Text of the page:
In addition to the Three-Hour Rule, we’ve achieved increased bumping compensation, rules forcing airlines to clearly advertise their true prices, forced elimination of deceptively scheduled flights that are nearly always late and gotten DOT to prohibit fare increases after you purchase your tickets.  
When you fly, we’re watching out for you!
Your membership in FlyersRights had a direct influence on all those rulemakings. But we won’t be able to continue to support our hotline, bulk e-mails, PR Newswire costs, website maintenance, social media support, legal advocacy in the courts and DOT rulemaking proceedings, and many other costs associated with running this organization unless we get a rapid influx of cash support from you!
(See our Tax Returns here.)
Kate Hanni and I with several other larger donors have supported the organization whenever there was a shortfall, and it’s totaled over $75,000 so far. But Kate could not continue and had to step down last month, after putting in an incredible seven years of full time unpaid dedication.
I, and other volunteers, cannot do what Kate did, but with your help we firmly believe that can achieve much more. With your help, we can restore US air travel to the world leading dependable, customer friendly experience it once was, while increasing speed and efficiency, maintaining safety, security, affordability and accountability.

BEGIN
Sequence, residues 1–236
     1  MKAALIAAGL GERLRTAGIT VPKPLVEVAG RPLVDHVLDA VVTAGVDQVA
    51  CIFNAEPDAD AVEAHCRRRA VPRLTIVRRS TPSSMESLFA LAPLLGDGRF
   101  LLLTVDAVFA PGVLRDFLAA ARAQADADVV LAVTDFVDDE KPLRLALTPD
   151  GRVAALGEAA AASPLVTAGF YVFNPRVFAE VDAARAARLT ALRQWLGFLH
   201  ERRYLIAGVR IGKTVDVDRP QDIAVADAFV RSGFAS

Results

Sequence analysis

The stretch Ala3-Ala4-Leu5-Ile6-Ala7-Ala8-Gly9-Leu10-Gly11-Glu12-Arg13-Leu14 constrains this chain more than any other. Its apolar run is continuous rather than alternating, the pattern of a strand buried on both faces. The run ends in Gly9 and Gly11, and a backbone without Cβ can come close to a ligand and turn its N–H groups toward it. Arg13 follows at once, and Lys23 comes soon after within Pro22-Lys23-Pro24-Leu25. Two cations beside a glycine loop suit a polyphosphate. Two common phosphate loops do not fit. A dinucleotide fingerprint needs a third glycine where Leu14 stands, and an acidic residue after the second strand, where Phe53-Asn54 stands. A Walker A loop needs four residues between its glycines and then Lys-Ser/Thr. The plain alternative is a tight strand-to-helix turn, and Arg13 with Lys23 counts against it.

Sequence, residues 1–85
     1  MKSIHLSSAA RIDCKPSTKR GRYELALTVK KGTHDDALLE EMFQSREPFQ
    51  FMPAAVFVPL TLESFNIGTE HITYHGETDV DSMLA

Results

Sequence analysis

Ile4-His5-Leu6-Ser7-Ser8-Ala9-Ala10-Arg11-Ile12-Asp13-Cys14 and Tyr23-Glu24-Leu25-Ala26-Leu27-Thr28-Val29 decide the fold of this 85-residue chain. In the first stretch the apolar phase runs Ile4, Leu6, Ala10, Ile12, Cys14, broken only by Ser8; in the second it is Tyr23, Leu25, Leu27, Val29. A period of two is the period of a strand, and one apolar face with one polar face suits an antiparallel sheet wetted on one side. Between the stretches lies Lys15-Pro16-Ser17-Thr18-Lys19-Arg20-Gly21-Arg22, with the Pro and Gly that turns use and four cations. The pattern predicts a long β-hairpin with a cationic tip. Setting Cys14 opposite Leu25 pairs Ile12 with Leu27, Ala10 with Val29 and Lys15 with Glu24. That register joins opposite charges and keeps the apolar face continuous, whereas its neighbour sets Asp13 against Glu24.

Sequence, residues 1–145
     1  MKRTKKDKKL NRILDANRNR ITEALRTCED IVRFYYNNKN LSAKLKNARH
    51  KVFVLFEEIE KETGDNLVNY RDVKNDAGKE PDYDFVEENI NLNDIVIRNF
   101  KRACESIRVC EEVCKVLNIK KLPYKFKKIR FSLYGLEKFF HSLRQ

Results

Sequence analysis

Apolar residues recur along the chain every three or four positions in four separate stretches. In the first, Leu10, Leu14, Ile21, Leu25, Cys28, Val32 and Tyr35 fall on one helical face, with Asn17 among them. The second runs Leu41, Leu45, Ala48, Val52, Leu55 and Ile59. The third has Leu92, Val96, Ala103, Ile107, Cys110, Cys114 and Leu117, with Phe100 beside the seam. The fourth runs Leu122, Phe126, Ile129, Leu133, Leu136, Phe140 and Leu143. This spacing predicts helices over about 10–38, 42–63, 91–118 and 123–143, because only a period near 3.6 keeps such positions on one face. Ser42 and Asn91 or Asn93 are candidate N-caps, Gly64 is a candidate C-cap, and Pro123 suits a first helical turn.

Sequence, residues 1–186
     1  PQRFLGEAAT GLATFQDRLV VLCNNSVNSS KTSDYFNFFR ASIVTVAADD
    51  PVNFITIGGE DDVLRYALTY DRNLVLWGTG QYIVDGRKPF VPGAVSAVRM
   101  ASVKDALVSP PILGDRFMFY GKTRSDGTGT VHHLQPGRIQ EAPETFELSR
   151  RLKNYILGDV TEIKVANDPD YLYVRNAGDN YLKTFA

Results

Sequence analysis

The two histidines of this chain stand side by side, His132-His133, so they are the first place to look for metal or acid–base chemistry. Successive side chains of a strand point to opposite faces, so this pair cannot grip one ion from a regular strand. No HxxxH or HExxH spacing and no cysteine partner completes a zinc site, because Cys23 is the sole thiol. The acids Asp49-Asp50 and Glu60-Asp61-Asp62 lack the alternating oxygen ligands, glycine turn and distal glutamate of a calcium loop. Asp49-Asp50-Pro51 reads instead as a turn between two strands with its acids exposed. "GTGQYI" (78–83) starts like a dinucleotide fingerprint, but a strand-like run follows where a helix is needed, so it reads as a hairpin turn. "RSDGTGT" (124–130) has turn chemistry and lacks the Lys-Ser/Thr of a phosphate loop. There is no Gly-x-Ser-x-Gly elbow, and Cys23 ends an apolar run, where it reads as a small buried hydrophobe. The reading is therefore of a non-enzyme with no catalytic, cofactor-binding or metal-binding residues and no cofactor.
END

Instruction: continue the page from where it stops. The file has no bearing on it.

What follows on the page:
Please make that donation now, and prove us right, that airline passengers will support the only grassroots, donation based airline passenger organization, which receives no industry or government money, stands up for passengers without conflict in halls of Congress, before the DOT, and in the courts.
Kate and I can no longer support the shortfall. We need you now!  If you value a toll-free hotline, if you value the information in our newsletters, if you want an end to continued enhancement of airline industry corporate power at the expense of passenger interests, we need your help NOW!
How Do We Move Forward?
Friends, our operating expenses have left us, frankly, less than penniless. We must have more sustaining support or will simply not be able to continue.
The many contributions you have made to FlyersRights over the years have been of great help, but we need to ask more. As you’ll see on our donations page, we have subscription levels beginning as low as $3 per month. Can you commit to the price of one low priced airline ticket or $199 per year?
If not, can you commit to the price of a good cup of coffee once a month to sustain the voice of airline passenger rights?
Is it worth the price of a couple of coffees each month to be sure that our hotline is available the next time you have an air travel problem?
Please, go to the FlyersRights donation page and commit to a sustaining subscription. If you can do more than three dollars a month, please consider it. If you just can’t commit to a subscription, then your one-time contribution will ease our financial problem.
We have achieved so much, and we’re still moving forward on even more issues.
Help us, help you!